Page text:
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The early stages of the decision making process are particularly exposed to inflexions from a variety of internal and external drivers which are not always immediately visible.

In addition, difficult to quantify issues such as technology development, regulatory directives, organisational structure, operational constraints and stakeholder expectations need to be taken into account.

Sectors such as defence, healthcare and engineering share three things in common - heavy capital development, product realisation years into the future and uncertainties around policy formulation.

Defence

The world continues to face novel and emergent security challenges. The pressure on reducing defence expenditure is mismatched by global threats on multiple fronts. Click here to learn how we are partnering with NATO to develop scenarios and associated resource and capability requirements

Healthcare

Healthcare is facing a plethora of challenges from the implications of an aging population and the affordability and access to basic standards of short and long term healthcare.  These issues are set against a background of expectation that technology can solve rising expectations of healthcare which in turn puts pressure on the industry. Click here to read some of our latest thoughts on key issues facing the sector.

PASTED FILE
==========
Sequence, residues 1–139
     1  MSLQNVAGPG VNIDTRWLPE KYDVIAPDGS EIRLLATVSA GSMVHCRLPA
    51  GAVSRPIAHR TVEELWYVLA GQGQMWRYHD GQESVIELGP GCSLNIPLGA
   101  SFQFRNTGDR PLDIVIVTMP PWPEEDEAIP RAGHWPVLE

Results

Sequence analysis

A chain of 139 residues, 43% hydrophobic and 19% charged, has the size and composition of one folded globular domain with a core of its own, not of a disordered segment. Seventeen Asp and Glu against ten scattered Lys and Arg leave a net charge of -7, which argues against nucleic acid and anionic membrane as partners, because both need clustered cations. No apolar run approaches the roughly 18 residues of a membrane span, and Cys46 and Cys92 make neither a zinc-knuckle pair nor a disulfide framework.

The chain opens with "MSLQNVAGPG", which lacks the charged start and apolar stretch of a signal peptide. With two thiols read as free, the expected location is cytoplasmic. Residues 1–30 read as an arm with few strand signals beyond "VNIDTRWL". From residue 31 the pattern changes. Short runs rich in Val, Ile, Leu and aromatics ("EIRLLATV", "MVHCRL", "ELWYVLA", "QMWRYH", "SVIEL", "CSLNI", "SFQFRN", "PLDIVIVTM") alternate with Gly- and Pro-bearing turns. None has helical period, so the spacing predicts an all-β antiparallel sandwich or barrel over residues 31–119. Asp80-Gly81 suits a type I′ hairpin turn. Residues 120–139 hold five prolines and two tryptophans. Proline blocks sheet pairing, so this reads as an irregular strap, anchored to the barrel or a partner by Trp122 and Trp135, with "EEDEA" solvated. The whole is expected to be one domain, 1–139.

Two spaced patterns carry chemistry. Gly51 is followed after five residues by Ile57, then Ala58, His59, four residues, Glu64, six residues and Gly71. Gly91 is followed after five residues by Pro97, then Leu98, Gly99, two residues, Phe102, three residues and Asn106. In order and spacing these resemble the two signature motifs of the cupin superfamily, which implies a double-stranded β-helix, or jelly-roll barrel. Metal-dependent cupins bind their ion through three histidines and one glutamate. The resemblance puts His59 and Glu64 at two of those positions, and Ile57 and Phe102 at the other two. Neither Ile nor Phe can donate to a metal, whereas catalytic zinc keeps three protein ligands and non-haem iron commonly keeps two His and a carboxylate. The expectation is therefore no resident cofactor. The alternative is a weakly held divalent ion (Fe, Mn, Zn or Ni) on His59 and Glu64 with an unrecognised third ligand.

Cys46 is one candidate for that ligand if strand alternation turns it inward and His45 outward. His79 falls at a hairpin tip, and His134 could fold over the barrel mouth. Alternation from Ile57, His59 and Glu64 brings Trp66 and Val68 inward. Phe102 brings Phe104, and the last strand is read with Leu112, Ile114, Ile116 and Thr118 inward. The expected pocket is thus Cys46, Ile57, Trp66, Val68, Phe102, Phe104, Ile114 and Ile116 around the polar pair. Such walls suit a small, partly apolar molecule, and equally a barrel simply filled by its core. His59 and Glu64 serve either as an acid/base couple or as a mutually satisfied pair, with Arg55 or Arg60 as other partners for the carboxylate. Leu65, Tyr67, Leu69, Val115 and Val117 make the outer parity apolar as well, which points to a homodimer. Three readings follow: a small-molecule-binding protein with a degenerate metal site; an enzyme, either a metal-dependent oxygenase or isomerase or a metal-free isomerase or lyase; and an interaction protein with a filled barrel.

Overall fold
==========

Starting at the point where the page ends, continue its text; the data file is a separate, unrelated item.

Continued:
Engineering

Engineering is similarly faced with long lead times for major highly complex projects (e.g. infrastructure) and where good foresight practices can help mitigate risks as the engineering programme moves forward. Our processes and methods are particularly suited to address those early stage issues, notably at the design phase, which are so important to identify in many engineering projects – so as to avoid unintended consequences later on.

Click here to look at a number of applications.

Policy Formation

Early stage policy formulation is characterised by high levels of uncertainty and complexity. To mitigate this risk, decision makers need to rigorously explore all the potential number of outcomes and thereby reduce unintended consequences.